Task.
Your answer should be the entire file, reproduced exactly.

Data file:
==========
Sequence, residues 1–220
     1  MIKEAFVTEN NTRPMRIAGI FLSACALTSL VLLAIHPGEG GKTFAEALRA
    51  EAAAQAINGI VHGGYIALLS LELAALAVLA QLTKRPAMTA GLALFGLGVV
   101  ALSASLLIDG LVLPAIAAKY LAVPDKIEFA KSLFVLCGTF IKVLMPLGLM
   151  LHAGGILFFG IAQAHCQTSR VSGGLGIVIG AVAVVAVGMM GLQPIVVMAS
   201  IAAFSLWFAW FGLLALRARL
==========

Sequence, residues 1–220
     1  MIKEAFVTEN NTRPMRIAGI FLSACALTSL VLLAIHPGEG GKTFAEALRA
    51  EAAAQAINGI VHGGYIALLS LELAALAVLA QLTKRPAMTA GLALFGLGVV
   101  ALSASLLIDG LVLPAIAAKY LAVPDKIEFA KSLFVLCGTF IKVLMPLGLM
   151  LHAGGILFFG IAQAHCQTSR VSGGLGIVIG AVAVVAVGMM GLQPIVVMAS
   201  IAAFSLWFAW FGLLALRARL